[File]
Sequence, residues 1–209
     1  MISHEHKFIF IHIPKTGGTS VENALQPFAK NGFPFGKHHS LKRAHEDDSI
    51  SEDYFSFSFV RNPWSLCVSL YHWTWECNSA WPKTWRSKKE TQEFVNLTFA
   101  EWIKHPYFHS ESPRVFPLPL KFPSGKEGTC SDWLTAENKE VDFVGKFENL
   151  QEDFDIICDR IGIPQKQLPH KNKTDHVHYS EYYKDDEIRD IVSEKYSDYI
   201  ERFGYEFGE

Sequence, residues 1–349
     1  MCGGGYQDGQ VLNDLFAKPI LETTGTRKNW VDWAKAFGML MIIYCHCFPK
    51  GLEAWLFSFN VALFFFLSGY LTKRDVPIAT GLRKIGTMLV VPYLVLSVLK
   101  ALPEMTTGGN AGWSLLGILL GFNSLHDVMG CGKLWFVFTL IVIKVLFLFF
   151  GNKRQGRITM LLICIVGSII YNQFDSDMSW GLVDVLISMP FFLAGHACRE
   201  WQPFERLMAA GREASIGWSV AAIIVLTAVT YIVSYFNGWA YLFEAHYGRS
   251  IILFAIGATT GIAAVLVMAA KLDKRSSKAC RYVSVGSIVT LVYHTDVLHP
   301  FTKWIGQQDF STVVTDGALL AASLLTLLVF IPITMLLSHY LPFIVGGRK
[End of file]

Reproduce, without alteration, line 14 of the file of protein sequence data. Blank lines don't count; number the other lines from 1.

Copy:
   301  FTKWIGQQDF STVVTDGALL AASLLTLLVF IPITMLLSHY LPFIVGGRK